woman eating popcorn
Woman Eating Popcorn

Portion Distortion: Why It’s A Big(ger) Deal

Posted on February 25, 2017 by Patricia Jurek

History has brought us countless advancements in science, technology and social progress. But one thing we didn’t count on? How much more we’d be eating!

Serving size has skyrocketed over the years, and for those counting calories (and even those who aren’t), that can spell trouble.

But don’t worry, awareness is half the battle, and there are some steps you can take to prevent this eating excess. First, let’s take a glimpse at where we were, and how far we (haven’t) come.

History of Food Portions

One needn’t look any further to find evidence of portion distortion than the serving sizes of cookbooks like classic The Joy Of Cooking, first printed in the 1930s. In fact, since the 1970s, portions of food in all categories except loaves of bread have increased: 

  • Bagels used to be 3 inches in diameter, now they’re 6 on average.
  • A cheeseburger, fries and a drink used to come in a 640-calorie size, now they’re closer to 1,450.
  • In the 1960s, a 16-oz. Porterhouse steak fed a family of six, now one serving size (for one person) is a whopping 1,400 calories.
  • Popcorn used to satisfy moviegoers with a 270-calorie sized tub. Now, a 600-calorie tub is standard. And that’s not even the large!

What Causes Food Portion Problems?

So what’s contributing to today’s issue with oversized portions? Meet the culprits:

  • Drinks. This may be hard to swallow for some, but beverages are huge culprits in this portion distortion game. Whereas sodas used to be most readily available in 7-oz. sizes, now it’s not uncommon to see 42 ounces on the label. And the only thing worse than bloated portions are bloated portions of sugary foods and drink.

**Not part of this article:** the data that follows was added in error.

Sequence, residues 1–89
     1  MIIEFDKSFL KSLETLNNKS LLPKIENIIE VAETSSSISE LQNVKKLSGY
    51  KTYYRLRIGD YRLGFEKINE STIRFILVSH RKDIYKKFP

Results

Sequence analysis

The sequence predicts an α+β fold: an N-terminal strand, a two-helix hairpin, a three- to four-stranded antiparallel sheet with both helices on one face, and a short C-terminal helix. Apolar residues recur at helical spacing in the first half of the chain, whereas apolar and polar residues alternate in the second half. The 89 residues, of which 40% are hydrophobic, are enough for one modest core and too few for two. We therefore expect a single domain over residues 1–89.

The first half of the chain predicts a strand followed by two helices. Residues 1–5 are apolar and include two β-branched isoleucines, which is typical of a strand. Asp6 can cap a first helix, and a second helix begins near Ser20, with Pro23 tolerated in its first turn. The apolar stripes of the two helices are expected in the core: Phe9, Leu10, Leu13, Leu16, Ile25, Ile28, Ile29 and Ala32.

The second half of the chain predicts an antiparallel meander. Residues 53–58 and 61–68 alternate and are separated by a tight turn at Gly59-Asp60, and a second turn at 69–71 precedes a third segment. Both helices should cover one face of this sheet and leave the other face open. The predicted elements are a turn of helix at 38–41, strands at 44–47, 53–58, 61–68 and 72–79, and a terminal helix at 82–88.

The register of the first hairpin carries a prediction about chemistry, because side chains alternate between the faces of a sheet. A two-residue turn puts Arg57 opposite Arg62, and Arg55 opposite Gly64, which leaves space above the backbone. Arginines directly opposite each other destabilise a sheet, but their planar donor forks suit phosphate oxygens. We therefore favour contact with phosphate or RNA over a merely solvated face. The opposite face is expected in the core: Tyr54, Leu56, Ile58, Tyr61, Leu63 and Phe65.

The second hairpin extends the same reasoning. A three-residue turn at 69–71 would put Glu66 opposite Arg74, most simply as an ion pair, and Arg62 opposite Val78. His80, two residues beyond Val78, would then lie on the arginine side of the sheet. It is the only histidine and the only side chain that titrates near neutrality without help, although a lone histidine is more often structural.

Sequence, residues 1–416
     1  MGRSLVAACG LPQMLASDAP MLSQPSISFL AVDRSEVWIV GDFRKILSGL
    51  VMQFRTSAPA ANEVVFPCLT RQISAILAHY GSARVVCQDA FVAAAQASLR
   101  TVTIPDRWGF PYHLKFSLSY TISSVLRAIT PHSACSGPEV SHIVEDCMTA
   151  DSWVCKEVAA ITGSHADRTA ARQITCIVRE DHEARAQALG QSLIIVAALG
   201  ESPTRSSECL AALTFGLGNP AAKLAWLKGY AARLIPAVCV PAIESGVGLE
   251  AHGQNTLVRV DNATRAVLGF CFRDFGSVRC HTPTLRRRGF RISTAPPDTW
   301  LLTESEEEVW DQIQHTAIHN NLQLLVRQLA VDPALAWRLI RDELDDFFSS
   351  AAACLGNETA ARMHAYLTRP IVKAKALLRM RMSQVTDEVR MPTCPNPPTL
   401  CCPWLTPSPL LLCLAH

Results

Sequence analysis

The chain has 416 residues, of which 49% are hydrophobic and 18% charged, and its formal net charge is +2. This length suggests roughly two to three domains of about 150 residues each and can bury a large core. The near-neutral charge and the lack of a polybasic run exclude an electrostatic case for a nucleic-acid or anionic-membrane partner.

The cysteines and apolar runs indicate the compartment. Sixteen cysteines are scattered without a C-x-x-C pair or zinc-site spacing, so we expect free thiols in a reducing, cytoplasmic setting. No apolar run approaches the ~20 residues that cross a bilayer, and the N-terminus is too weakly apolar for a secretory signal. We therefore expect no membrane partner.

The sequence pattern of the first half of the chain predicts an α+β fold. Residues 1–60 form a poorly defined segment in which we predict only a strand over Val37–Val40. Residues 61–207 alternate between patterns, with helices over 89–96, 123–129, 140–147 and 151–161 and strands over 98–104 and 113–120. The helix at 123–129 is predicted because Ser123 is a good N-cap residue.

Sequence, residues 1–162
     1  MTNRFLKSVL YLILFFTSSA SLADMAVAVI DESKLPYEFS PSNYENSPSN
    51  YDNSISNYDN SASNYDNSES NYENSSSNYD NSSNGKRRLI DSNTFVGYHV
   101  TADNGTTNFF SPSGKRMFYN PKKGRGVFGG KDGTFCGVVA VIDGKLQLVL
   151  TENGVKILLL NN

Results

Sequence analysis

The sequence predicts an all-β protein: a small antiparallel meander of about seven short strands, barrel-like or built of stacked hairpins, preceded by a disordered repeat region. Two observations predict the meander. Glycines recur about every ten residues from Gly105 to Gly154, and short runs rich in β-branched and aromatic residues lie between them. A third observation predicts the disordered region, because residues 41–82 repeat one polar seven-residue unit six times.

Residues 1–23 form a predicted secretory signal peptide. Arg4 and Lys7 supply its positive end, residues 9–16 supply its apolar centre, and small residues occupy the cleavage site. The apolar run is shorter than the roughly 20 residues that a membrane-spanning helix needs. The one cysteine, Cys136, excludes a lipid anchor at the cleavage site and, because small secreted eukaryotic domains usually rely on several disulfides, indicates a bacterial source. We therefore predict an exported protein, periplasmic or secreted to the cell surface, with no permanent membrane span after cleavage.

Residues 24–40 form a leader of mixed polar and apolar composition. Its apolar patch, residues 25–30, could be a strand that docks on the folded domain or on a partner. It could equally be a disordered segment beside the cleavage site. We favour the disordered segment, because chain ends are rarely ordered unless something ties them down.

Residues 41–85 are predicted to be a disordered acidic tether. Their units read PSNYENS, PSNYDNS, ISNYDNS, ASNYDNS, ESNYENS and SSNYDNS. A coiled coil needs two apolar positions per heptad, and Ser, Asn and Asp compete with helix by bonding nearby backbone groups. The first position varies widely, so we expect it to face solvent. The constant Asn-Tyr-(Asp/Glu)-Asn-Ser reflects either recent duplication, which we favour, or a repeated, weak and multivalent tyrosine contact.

• Convenience is king. On-the-go lifestyles, cheap eats and no time to sit down for a proper square meal have contributed to the super size-ification of fast food companies. And subsequently, our waistlines.

  • Electronics. Technology, devices and a life perpetually plugged in have lead to a more sedentary lifestyle for Americans, and our youth in particular.

  • Fat content. This decrease in activity level, coupled with more high fat foods in our diet, has helped create the perfect storm for obesity. That’s why it’s so important to start by educating children as to healthy practices. It’s never too soon to instill good habits.

How to Control Portion Size

  • Start with your plate. Your mealtime dish should look like this: ½ of the plate should be vegetables (as your main food source), ¼ should consist of grains, and ¼ should consist of protein. The protein serving should also not exceed the size of your palm. And speaking of plates, use smaller ones. Eating your meals from a salad-sized dish instead of a large platter will help keep things in proportion.

  • Read labels. Not just to learn the nutrition information, but also to see the portion size. If it seems small, and the fat/calories/sodium seem high, find an alternative that’s a better fit.

  • More is better (for drinking water, that is). Gulping a glass or two at least 20 minutes before sitting down for a meal will help your body be able to determine if it’s really hungry, or just dehydrated. Hunger and thirst pangs tend to feel the same.

  • Write it down. As in, your weight. On a piece of paper. Once a week. If you start to see it growing month to month, you might want to keep track of what you’re putting on your plate.

For more tips on healthy eating, check out our EatWell section and subscribe for weekly emails of our latest posts.

Categories : EatWell

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